Six Aadhaar lessons from Maharashtra

State has set the golden standard in best practices in enrolment setting a high bar for other states

geetanjali

Geetanjali Minhas | November 1, 2013


Farzana Pathan (right) withdrawing money transferred to her Aadhaar-linked bank account under Janani Suraksha Yojana.
Farzana Pathan (right) withdrawing money transferred to her Aadhaar-linked bank account under Janani Suraksha Yojana.

Farzana Pathan will always remember December 28th of 2012. On that day the young mother received money from the government directly into her account minutes after delivering her baby in the hospital. Not only that, she was also able to withdraw her Janani Suraksha Yojana (JSY) subsidy almost immediately with the help of a business correspondent (BC) carrying an Aadhaar-linked handheld micro ATM. Pathan’s Aadhaar-linked bank account made all the difference.

Santosh Thakur had almost given up on his attempts to open a bank account. He came to Navi Mumbai as a migrant worker a couple of years back and is today employed as a driver. With no documentation to prove his identity or address, each and every bank that he approached closed its doors on him. It was only after he enrolled in Aadhaar that he was finally able to open a bank account in Punjab National Bank (PNB).

Farzana and Santosh are two of the countless examples of unique identification (UID)-enabled financial inclusion that’s taking place in Maharashtra. 

“The state was the first to start UID in 2011 when it piloted it in the Thane district,” recalled Maharashtra information technology (IT) secretary Rajesh Agarwal proudly. Aadhaar was nationally launched only in 2013. “Wardha also become first district in the country to implement an end-to-end UID-linked direct benefits transfer (DBT) facility,” he added. The state is the leading registrar for UID enrolments, with Aadhaar numbers generated for 67 million out of the state’s total population of 73 million. There’s something that it is doing that’s yielding such spectacular results. It’s not often that one encounters such a large-scale government initiative implemented in such an efficient manner. So, what’s Maharashtra got right so far, which can be a beacon of hope for other states wanting to implement Aadhaar effectively and efficiently?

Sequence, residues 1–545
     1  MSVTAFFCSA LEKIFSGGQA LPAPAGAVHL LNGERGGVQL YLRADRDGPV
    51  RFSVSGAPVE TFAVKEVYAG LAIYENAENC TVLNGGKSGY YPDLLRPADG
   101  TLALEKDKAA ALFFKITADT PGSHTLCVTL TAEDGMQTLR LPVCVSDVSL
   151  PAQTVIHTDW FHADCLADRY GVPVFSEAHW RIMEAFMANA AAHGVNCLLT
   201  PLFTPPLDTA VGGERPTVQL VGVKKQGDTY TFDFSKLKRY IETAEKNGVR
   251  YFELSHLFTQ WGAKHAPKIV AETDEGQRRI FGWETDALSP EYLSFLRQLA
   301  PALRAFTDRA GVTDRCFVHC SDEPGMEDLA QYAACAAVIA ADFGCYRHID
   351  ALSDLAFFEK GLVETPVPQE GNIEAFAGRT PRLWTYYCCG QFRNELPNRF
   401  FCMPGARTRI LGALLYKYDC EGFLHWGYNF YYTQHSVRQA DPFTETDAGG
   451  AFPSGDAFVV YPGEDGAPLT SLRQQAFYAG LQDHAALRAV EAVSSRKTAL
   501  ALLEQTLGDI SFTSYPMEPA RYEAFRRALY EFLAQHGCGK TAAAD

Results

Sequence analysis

First, the state government involved public sector banks and the National Securities Depositories Limited (NSDL) to work as registrars to drive up enrolments. This single step enabled the process of final enrolment to be carried out by agencies appointed by these organisations. “After an open and transparent tendering process, agencies were appointed as L1 agencies on the basis of lowest bids,” said state IT director Virendra Singh. “Moreover, 13 agencies empanelled with UIDAI were appointed on the same rates through tenders. The district collectors (DCs) were also asked to appoint local agencies meeting the parameters.” As a result favouritism was eliminated and agencies meeting standards, and engaged through non-state registrars like public sector banks and NSDL, were allowed to start registration. This step also removed procedural delays associated with obtaining permissions from DCs.

Second, the policy regarding ‘know your resident’ (KYR) norms was changed. The earlier policy required the recording of additional data like ration card number and details of MNREGS job card. This was done away with, as this additional data would go to UIDAI’s Bangalore office to be processed slowing down the registration itself. Guidelines were also issued to do away with the requirement of a dedicated government verifier and the job was entrusted to enrolment agencies to have their own supervisory staff for verification.

“We also set up a UID innovation lab with state-of-art infrastructure where experiments relating to biometric cards and seeding of databases and bank accounts with Aadhaar are conducted,” said Agarwal. Maharashtra is the first state to establish a state resident data hub (SRDH) repository and will have standardised and cleaned data related to demographics, names, places and photographs that will help facilitate data integration with other social welfare services.